SOMERVILLE, NJ - The Somerset County Freeholders recognized New Jersey Horticultural Therapy Week at its March 13th meeting, presenting a proclamation to Branchburg resident and horticultural therapist Laura DePrado.

A proclamation in recognition of a story she wrote that was published in the Journal of Therapeutic Horticulture was also presented by Eric Wadle, a representative of New Jersey Rep. Leonard Lance, R-7th.

New Jersey Horticultural Therapy Week, March 18-24 celebrates increasing public awareness of the importance of horticultural therapy in improving the quality of life for all, and to increase opportunities for each individual to experience the endless benefits of the people-plant Connection.

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National Horticultural Therapy Week was established by Congress for the year 2006 to coincide with spring and the Vernal Equinox. New Jersey is the first and only state to designate a week each year through a bipartisan Resolution co-sponsored by state Sen. Christopher “Kip” Bateman, R-16, and Sen. Joseph Vitale, D-19, which was spearheaded by DePrado.

Horticultural Therapy is the time proven practice of utilizing the therapeutic benefits of working in a peaceful garden environment and using horticulture as modality to improve quality of life. It is practiced through social, vocational and therapeutic programs and successfully empowers individual to achieve their maximum independence in settings such as rehabilitative, hospitals, senior centers, residential, and schools.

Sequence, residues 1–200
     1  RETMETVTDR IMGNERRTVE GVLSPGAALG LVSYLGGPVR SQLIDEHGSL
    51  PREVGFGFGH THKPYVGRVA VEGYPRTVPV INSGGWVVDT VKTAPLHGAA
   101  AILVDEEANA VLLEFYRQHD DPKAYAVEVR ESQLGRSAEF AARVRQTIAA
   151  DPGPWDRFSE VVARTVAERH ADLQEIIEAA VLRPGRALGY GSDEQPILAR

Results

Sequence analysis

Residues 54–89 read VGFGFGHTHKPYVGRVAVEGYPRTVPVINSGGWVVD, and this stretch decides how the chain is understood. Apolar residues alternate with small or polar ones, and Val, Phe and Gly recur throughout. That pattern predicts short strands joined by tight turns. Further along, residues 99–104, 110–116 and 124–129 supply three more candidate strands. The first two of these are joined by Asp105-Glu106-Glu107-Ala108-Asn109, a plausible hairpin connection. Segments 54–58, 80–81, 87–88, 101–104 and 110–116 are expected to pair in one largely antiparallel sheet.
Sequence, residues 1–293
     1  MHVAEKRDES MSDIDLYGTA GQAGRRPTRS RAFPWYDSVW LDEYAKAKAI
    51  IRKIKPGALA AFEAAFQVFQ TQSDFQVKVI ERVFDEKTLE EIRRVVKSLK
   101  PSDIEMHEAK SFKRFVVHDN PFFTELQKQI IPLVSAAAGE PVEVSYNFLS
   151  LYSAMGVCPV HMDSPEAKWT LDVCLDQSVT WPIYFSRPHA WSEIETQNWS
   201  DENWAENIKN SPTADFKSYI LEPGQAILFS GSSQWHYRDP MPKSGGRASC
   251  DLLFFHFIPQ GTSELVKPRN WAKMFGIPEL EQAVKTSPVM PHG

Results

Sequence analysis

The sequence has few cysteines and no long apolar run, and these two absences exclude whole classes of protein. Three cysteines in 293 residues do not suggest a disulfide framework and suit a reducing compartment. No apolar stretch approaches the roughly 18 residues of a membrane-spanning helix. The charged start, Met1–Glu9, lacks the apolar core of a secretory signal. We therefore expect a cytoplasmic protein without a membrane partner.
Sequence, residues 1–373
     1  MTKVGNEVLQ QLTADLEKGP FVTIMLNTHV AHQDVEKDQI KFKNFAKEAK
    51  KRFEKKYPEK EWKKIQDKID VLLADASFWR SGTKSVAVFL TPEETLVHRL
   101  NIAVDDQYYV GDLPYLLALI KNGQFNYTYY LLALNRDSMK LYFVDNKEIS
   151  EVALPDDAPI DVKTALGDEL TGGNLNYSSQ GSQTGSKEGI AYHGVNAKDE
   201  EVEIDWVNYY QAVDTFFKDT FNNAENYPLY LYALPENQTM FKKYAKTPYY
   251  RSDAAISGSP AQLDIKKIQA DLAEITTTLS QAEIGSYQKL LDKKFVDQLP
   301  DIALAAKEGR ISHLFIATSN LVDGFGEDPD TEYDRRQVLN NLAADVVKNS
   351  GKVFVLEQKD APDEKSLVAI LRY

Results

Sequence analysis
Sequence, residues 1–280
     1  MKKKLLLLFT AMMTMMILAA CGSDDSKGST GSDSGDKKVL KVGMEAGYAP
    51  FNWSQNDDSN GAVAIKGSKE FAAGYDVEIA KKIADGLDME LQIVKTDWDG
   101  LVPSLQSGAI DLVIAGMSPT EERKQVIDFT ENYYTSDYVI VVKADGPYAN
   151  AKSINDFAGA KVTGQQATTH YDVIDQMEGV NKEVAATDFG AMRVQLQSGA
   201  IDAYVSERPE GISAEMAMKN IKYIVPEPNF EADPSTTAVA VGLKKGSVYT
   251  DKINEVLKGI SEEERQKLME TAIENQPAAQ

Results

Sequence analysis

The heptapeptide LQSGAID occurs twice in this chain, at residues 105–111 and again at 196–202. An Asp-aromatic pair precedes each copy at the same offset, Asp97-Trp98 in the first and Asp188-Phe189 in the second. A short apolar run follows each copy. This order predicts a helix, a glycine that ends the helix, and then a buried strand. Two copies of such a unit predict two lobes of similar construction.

Horticultural Therapy helps individuals recovering from illness, or injury, the elderly, socially disadvantaged, and individuals with disabilities. Horticultural Therapy is unique in that it uses seasonally-related plant material to connect people in purposeful and meaningful activities with goals and objectives for individuals and client groups. It is the “process” in the connection that offers the benefits. Horticultural Therapy is a vehicle to meet wide ranging goals. The evidence-base of Horticultural Therapy designs and programs can offer cognitive, social and physical benefits with year-round application indoors and outdoors.

Horticultural Therapy gained prominence in the United States in rehabilitating wounded veterans of World War II through the assistance of volunteers and trained professionals and continues today in Veterans hospitals across the country, and brings dignity and enhanced skills by helping individuals such as those recovering from illness or injury, the elderly, socially disadvantaged individuals and individuals with disabilities.

The American Horticultural Therapy Association, a nonprofit 501 (c)(3), provides opportunities for registered horticultural therapists to share research, and best practices. Awareness of the growing profession of horticultural therapy is being realized through increasing educational opportunities, beginning with the first MS degree in horticultural therapy, awarded by Michigan State University in 1955, and continuing across the country, and through horticultural therapy certificate programs. Horticultural therapy was practiced by Dr. Benjamin Rush, a signer of the Declaration of Independence.